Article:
THE ENIGMATIC 20th-century Chinese painter, Zhang Daqian (1899-1983) could paint at will and in complete mastery all the great Chinese stylistic genres. His prodigious talent was matched by an unrelenting passion and enormous self-discipline. Although Zhang studied Chinese painting by copying the works of the great masters, he was able to reproduce first-hand any painting he set out to copy.
A scholar-artist of the old school, his studio, the Dafeng Tang, was a workplace frequented by connoisseurs. Early on in his career, one of his practice works was taken by accident, to be authentic by a passing connoisseur. From that point onwards, Zhang Daqian exploited his talent and began knowingly to forge the great Chinese masters. His forgeries grew in size and scope, and were dated further and further back in time.
Zhang Daqian Collection in the Museum of Fine Arts
Addressing the history of the man are 20 paintings in the collection of the Museum of Fine Arts (MFA), Boston that he painted, owned or forged. They form the subject of a timely exhibition of immense importance, Zhang Daqian: Painter, Collector, Forger. Works executed in China reveal his precocious talent and technical virtuosity. They are placed alongside authentic old masters of major stylistic importance, which he collected to improve his skill.
Because they had belonged to Zhang, a selection originally believed to be genuine are now held suspect. Finally two of his outstanding and major forgeries at the MFA, once estimated to be much older, are subject to analysis. How Zhang went about his art, whether genuine or forged is explained throughout, giving an exceptional insight into the problems museums encounter in deciphering the authentic from the copy.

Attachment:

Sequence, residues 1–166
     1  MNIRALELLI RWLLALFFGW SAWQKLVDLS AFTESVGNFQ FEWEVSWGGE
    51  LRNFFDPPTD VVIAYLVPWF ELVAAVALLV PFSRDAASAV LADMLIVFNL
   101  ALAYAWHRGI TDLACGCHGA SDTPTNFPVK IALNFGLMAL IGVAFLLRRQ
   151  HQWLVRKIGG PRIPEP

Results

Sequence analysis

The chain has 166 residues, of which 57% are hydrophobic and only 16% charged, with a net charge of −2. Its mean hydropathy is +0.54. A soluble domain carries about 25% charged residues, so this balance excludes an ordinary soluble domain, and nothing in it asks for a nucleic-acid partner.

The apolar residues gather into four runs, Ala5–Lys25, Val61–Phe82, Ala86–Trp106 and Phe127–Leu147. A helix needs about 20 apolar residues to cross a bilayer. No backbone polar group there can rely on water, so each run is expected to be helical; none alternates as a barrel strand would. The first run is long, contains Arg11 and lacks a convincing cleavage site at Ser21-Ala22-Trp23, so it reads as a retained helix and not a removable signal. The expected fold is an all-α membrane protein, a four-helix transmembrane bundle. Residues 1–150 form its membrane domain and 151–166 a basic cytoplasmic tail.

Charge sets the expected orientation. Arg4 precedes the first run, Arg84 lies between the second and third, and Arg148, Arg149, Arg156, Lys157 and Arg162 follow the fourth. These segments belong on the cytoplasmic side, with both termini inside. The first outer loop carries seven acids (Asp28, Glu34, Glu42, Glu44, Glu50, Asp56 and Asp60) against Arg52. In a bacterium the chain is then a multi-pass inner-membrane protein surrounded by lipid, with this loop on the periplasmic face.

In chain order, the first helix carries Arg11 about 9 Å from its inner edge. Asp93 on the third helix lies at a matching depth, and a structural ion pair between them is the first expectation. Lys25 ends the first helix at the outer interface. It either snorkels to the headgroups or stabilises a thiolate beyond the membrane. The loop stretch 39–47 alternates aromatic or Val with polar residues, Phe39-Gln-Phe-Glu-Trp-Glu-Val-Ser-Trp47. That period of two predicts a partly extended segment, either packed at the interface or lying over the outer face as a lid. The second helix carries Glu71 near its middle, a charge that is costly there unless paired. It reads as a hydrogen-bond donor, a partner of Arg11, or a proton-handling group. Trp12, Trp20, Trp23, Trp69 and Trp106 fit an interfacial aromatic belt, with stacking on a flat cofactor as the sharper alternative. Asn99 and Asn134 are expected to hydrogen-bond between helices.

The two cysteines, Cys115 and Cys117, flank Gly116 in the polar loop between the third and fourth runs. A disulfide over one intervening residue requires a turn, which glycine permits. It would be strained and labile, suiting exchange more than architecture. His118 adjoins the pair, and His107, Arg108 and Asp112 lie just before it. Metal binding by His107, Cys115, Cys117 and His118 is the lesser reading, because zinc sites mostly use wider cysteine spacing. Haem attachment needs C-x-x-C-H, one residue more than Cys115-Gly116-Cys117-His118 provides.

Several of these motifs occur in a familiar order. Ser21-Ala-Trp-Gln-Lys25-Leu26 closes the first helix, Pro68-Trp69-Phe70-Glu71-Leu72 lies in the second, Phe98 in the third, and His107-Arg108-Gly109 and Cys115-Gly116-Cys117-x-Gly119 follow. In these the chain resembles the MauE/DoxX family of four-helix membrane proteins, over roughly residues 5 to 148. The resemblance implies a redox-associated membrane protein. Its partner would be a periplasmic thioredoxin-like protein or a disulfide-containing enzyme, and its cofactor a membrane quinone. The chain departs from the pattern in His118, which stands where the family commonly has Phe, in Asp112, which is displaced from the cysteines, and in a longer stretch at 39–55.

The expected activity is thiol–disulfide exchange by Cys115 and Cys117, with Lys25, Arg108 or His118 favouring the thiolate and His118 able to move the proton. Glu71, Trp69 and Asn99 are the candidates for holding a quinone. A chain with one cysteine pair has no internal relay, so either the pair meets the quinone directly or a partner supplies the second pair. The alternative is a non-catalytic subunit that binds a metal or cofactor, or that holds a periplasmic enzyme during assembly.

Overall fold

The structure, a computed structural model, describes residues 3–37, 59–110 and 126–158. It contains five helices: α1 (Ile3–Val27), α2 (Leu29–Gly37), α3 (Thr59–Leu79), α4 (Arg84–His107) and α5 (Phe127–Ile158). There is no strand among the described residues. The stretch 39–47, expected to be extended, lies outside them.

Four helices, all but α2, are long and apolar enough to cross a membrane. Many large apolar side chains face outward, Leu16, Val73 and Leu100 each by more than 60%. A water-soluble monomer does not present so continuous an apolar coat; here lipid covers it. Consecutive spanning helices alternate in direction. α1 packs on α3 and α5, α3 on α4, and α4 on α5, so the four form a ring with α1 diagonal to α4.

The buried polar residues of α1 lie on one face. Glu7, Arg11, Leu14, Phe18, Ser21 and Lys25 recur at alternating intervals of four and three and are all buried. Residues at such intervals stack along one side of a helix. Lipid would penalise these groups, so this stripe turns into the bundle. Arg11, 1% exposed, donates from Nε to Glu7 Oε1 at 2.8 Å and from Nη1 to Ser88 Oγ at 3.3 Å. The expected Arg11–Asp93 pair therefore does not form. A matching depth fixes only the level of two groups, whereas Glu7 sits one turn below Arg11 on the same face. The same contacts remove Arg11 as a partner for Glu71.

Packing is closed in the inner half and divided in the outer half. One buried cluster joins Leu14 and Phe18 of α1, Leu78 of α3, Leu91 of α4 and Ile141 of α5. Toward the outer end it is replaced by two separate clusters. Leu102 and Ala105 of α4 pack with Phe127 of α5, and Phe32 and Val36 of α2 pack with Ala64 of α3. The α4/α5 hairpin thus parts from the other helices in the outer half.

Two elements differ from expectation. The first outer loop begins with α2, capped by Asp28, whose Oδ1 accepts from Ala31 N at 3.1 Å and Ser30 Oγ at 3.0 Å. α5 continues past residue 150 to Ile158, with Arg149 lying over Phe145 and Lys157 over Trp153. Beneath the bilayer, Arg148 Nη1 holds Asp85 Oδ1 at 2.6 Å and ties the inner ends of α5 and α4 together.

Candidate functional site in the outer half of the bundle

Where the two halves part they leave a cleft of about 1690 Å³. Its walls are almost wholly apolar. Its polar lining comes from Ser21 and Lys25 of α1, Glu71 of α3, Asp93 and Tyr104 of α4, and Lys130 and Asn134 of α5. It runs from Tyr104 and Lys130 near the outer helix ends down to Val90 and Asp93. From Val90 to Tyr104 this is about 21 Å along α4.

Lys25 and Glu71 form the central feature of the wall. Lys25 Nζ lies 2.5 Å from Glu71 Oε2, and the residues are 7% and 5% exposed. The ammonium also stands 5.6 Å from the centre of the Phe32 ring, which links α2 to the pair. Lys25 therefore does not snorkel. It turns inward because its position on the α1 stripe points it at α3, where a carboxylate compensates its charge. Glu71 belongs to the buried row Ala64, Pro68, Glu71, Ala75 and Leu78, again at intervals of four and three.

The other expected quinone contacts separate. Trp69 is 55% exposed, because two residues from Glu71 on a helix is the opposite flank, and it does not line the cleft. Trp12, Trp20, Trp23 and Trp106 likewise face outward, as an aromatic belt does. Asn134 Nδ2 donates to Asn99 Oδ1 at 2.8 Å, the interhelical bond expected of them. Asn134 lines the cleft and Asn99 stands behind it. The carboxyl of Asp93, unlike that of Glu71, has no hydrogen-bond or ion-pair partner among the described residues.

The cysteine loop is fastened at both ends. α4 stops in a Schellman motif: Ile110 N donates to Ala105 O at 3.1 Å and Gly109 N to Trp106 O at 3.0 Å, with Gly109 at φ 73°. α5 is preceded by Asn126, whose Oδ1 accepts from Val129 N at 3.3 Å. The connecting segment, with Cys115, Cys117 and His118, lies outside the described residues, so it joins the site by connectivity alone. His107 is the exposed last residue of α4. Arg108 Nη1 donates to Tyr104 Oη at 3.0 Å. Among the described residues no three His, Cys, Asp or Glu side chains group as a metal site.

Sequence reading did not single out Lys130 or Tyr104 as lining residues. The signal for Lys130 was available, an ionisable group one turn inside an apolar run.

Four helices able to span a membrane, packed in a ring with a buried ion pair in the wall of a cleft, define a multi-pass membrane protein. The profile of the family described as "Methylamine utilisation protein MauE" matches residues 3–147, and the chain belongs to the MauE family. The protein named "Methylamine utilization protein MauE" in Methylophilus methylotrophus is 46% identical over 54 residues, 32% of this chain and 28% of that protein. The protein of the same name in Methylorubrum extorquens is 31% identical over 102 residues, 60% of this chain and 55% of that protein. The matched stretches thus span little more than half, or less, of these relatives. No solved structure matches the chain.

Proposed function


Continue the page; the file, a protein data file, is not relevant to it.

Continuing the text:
China’s Turbulent 20th-Century History
Zhang Daqian was a living witness to China’s turbulent 20th-century history. Born in Neijiang, Sichuan, he was first taught to paint by his mother. When he was twelve, Manchu China (1644-1911) collapsed and the modern Chinese republic was declared. Zhang’s elder brother, Zhang Shanzi (1895-1943), had campaigned against the first Chinese president, Yuan Shikai, and fearing reprisals, fled to Japan.
Visiting his brother between 1917 and 1919, Zhang studied textile weaving and dyeing in Kyoto. On his return to China, he was briefly a Buddhist novice. When he was 21, he descended on Shanghai to study under two famous artists, Zeng Nongran (1861-1930) and Li Ruiqing (1867-1920). Zeng admired the Qing monk painter, Shitao (1642-1707) and urged his student to emulate the latter’s technique of ‘representing real landscape with no exaggeration’.
Zhang therefore sought out and copied as many of Shitao’s works as he could find. Copying in Chinese painting tradition falls under two disciplines: lin, ‘close copy’ wherein composition, colour scheme and format are rendered as closely as possible to the original, and fang, ‘free-hand imitation’ where new personal elements might be incorporated to original composition and style.